In the months to come, investors will need to remain flexible and alert to the potential that shifting patterns of demand and supply may impact sectors of the economy differently. New shortages may appear and fundamental supply excesses may also be revealed. Further sector-specific rolling recessions may be inevitable if interest rates continue to rise, but some industries will likely keep benefitting from robust and ongoing demand. The four sectors we have identified—not to mention the enormous potential impact of AI on all corporate activity—provide some indication of just how careful and selective investors need to be.
1.This is not to say that U.S. recession risks are currently low; they continue to be elevated relative to historical norms and will remain so until there is more clarity surrounding potential job losses as the labor market continues to rebalance amid restrictive monetary policy. Also, when we say the economy is running too hot, we are referring to the inflation process rather than real economic activity. Real economic activity has been running at a below-potential pace of around 1% over roughly the last year. See: Federal Reserve Bank of New York, Weekly Economic Index, June, 2023.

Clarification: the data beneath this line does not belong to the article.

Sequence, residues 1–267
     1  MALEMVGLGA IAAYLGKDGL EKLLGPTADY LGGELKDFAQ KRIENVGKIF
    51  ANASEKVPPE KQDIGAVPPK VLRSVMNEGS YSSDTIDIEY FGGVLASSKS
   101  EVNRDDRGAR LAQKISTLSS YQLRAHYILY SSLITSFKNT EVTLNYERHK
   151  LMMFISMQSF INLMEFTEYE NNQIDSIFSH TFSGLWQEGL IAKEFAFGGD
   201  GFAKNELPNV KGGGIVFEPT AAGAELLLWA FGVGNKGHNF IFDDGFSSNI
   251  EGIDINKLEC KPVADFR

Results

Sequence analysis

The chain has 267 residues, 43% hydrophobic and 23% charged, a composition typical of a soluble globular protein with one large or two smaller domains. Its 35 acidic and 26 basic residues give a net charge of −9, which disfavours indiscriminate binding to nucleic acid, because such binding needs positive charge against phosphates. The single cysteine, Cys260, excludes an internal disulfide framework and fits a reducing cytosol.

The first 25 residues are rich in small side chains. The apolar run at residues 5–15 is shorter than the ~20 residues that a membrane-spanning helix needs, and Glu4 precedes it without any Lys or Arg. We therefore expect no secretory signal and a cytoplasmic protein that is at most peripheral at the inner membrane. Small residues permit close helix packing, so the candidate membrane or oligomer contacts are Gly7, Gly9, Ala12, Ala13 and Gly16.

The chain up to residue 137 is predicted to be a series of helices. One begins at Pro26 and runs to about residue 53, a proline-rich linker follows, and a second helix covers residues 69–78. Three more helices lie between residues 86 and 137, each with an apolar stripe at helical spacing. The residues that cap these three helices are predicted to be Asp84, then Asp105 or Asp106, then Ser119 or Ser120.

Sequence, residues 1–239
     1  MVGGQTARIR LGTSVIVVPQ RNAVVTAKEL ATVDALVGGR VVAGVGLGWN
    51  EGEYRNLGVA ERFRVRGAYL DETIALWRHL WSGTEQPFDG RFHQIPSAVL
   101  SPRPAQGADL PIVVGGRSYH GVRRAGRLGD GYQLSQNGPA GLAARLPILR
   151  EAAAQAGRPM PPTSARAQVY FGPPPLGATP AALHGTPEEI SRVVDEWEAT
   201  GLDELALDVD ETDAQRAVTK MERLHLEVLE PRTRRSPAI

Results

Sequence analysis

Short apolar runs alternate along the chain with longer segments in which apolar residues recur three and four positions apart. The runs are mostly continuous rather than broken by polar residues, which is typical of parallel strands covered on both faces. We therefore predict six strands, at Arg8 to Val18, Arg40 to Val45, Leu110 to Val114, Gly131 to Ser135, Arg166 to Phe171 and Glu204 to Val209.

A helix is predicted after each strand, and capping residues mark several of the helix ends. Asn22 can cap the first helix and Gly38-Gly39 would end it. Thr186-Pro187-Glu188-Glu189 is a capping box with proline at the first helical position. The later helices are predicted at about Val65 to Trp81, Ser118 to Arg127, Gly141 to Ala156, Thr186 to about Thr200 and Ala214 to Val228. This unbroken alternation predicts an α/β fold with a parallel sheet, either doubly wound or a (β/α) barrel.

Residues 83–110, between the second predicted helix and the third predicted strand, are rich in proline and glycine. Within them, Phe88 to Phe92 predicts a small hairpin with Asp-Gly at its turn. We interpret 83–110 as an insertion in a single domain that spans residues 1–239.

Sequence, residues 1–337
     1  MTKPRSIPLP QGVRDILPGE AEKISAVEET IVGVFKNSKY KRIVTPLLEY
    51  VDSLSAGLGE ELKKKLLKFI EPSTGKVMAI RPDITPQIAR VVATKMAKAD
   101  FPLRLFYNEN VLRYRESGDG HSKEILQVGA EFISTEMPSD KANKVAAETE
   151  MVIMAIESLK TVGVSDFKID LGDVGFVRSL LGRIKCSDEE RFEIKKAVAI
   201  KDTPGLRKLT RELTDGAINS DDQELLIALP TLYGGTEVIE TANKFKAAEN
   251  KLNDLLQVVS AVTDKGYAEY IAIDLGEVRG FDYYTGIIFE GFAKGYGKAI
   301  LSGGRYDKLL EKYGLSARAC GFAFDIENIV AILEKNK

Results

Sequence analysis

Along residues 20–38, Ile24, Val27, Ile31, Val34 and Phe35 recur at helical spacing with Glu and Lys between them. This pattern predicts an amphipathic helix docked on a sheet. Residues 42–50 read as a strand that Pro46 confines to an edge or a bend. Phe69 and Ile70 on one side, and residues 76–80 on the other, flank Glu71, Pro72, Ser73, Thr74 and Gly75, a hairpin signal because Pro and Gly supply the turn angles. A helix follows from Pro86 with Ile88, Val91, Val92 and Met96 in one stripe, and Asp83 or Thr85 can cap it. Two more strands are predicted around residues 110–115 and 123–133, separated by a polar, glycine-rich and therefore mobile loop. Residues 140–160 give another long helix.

2High yield spreads over U.S. Treasuries have narrowed by approximately 70 basis points YTD as of mid-July 2023.
3Auto sector returns are heavily skewed by the doubling of Tesla’s share price this YTD through June 23, 2023. Excluding Tesla, the S&P 1500 Auto sector is still up 18% YTD June 23, 2023, which is above broad market returns.
4Global X Funds' Global X Artificial Intelligence & Technology ETF.
5Joe Seydl, Dan Alter, “Looking to buy or sell a house in today’s strange U.S. market?” J.P. Morgan Private Bank, April 17, 2023. More specifically, we assume the housing market was in equilibrium in 1996, and then we consider the difference between the average of starts/completions and trend household formation from 1996 to present, assuming 200,000 housing units lost each year due to obsolescence.
6The weighted average cost of raw materials used to produce an automobile rose 116% YoY in 2021, the most ever. Raw material costs have since been subsiding but remain materially elevated vs. pre-pandemic, and non-commodity supply chain costs remain at a premium as well. In addition, labor costs will likely take another step up with UAW contracts up for renewal this September.
7Ryan Brinkman & Rajat Gupta, “2023 CMD Fleshes Out Margin Expansion Strategy; Work Cut Out for Model But We Think Pro Can Deliver” J.P. Morgan Securities Research, May 23, 2023.
8Another way of looking at the valuation of Tesla would be to consider its forward price-to-earnings-to-growth (PEG) ratio, which—at 1.96—is below that of other fast-growing companies, such as Apple (2.22) and Microsoft (2.04).
9We define the forward P/E discount as the discount relative to the average differential vs. the S&P 500 Index over the past 10 years.